Resumes in the 21st century are more complex than they have been in the past. In addition to presenting the job seekers' skills and accomplishments in the best light, they must also be "friendly" to the technology employers use to store and find resumes. So, 21st Century resumes must operate effectively on several levels not required of resumes in the past.
For a job seeker to be considered for any job, their resume (or other Internet presence, like a social network profile) must contain the keywords the employer or recruiter is using to find resumes meeting the requirements of the jobs being filled.
The applicant could be the best person for the job, but if the resume is not found in a search, the probability that the candidate will be even considered is quite low (this is where networking and luck come into play!).
of a "searchable" resume is designed to leverage typical
search technology in:
board resume databases
- Employer applicant
- Employer email systems
- Social media (LinkedIn, Facebook, Twitter, etc.)
- Web search
What are "keywords"? Keyword are the words used for search and finding appropriate candidates. For example, if an employer is filling an administrative assistant position, the keywords are the words associated with the requirements of the job:
- the skills (accounting, calendar management, meeting management, correspondence management, coordination, etc.)
- the tools (Microsoft Office, Microsoft Word, Microsoft Excel, Microsoft Outlook, iPhone, iPad, MacBook, etc.)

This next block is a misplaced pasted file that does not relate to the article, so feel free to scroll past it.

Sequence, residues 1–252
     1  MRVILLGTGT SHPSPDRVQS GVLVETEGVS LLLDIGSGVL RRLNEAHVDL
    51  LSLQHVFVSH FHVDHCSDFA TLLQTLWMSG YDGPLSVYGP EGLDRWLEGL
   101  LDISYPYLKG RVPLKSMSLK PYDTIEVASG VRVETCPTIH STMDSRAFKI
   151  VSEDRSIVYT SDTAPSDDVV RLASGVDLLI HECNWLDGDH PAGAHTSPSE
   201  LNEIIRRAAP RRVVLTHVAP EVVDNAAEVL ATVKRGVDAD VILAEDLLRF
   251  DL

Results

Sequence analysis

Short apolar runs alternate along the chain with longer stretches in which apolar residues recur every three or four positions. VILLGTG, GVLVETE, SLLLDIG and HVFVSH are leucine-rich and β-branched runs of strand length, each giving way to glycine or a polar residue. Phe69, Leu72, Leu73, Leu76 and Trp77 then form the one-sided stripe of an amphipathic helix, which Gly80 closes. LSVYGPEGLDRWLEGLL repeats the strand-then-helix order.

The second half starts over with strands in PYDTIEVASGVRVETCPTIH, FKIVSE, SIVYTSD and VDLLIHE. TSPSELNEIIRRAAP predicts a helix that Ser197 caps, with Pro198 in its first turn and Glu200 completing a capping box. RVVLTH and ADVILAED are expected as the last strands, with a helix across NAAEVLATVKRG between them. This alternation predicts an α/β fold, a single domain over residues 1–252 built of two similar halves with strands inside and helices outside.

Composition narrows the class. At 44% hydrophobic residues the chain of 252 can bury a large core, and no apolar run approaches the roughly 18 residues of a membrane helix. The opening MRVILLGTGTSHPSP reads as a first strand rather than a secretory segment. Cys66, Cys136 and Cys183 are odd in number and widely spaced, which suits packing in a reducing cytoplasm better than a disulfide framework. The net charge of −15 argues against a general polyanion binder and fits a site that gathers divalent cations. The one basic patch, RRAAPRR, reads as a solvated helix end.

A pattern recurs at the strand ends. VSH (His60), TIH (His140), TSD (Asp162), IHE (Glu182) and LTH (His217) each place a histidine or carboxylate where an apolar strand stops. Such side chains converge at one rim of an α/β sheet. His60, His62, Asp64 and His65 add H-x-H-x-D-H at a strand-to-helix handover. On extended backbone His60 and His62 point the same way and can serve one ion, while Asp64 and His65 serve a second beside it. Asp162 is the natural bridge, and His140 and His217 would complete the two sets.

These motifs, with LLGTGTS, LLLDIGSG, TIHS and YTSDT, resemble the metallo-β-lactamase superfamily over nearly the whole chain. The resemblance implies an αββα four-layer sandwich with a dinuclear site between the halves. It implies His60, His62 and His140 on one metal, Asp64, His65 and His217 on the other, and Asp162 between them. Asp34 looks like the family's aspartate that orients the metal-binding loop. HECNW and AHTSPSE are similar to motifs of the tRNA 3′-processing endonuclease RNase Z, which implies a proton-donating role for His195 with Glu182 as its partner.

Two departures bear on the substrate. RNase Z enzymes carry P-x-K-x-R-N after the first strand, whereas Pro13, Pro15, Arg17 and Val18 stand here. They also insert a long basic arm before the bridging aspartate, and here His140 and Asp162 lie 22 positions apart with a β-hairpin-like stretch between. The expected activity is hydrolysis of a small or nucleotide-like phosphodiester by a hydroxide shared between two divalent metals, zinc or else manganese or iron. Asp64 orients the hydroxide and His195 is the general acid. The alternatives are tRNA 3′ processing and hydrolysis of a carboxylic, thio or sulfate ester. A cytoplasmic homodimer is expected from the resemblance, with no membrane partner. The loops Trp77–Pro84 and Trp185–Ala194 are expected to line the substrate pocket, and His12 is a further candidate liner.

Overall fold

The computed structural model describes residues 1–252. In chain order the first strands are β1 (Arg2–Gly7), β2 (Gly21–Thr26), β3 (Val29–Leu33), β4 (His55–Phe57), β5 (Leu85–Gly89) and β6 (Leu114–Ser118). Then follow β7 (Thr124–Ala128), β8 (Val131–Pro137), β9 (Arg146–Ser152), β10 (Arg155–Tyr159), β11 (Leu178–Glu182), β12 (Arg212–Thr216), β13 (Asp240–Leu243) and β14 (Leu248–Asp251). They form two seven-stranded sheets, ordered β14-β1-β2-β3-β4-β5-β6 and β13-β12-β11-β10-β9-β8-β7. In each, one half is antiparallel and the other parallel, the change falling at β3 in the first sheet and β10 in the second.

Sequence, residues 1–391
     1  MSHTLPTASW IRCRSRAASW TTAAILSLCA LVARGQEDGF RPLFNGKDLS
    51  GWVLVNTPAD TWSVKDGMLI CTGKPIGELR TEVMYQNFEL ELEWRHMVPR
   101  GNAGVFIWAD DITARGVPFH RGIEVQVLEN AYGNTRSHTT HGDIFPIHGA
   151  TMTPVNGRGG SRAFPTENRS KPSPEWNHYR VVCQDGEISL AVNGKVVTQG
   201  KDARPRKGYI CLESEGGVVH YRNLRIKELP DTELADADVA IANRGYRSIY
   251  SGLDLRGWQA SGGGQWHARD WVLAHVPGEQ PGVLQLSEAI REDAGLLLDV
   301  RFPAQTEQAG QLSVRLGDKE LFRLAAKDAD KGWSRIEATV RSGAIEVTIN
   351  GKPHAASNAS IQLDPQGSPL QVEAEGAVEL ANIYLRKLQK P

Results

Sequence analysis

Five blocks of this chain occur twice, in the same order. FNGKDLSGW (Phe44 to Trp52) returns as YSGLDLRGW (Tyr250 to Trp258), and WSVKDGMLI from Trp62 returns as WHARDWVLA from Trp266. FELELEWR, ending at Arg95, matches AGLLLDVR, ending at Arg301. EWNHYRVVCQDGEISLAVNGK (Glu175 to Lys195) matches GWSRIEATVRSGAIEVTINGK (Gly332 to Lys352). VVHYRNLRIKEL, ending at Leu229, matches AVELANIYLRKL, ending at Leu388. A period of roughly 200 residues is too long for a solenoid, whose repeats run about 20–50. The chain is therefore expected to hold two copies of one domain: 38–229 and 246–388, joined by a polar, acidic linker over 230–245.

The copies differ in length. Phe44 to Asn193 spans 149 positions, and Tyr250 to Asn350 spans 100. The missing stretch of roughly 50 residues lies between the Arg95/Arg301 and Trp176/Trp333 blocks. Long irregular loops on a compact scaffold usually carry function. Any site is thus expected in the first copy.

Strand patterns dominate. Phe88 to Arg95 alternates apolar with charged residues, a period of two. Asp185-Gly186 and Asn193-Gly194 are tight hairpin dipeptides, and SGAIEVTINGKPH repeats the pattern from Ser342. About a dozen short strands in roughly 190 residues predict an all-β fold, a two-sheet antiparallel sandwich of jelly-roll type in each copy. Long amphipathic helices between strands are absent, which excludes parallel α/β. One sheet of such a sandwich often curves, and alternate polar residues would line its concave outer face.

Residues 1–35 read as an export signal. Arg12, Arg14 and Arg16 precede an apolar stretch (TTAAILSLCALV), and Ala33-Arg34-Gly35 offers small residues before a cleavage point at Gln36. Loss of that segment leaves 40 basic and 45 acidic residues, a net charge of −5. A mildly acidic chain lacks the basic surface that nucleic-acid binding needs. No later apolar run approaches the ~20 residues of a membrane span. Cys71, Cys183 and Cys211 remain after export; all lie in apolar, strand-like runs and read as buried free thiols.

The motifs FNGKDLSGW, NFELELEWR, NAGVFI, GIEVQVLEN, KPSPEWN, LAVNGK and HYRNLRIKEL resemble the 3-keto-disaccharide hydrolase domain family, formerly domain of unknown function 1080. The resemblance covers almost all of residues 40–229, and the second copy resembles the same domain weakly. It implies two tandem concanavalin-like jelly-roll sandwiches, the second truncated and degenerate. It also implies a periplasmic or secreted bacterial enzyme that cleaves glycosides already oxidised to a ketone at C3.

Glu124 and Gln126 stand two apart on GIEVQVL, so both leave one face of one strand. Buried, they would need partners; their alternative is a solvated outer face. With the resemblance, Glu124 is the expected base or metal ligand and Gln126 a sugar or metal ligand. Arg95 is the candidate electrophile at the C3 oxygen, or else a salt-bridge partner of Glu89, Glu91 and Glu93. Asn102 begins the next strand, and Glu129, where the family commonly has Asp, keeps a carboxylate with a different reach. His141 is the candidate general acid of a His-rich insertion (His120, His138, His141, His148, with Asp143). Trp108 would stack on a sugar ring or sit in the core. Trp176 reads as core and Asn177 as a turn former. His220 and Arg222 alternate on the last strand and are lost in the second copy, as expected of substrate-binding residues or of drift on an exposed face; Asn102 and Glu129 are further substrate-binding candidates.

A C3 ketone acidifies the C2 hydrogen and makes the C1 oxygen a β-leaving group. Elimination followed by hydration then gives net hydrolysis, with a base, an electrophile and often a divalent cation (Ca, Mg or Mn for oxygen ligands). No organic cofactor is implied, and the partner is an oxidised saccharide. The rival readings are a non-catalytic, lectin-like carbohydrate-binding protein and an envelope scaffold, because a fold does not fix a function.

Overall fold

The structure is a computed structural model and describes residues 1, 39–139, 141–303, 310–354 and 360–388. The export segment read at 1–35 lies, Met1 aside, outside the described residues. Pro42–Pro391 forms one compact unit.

- the education (BA, BS, AA, AS, high school, etc.)
- the location (North Bay, MetroWest, East Village, etc.)
Where should the keywords be? Everywhere!
- Filename of the resume or profile (for those that are emailed or published as a web page)
- Title of the resume or profile (for those in systems that use entry titles, like LinkedIn and Craigslist)
- Body of the resume or profile
- Body of the LinkedIn Profile
- Twitter Bio
- Facebook Page
- Email address (maybe)
It is very important that the keywords be customized for the position being sought. If you are looking for more than one kind of job (more than one target job title), the resume used for each job should be directly related to the keywords appropriate for that job.
More about Keywords:
More about Internet Resumes:
More about Resumes:
About the author...
Online job search expert Susan P. Joyce has been observing the online job search world and teaching online job search skills since 1995. Susan is a two-time layoff "graduate" who has worked in human resources at Harvard University and in a compensation consulting firm. In 1998, her company, NETability, Inc. purchased Job-Hunt.org, and Susan has been editor and publisher of Job-Hunt since then. Follow Susan on Twitter at @jobhuntorg and on Google+.
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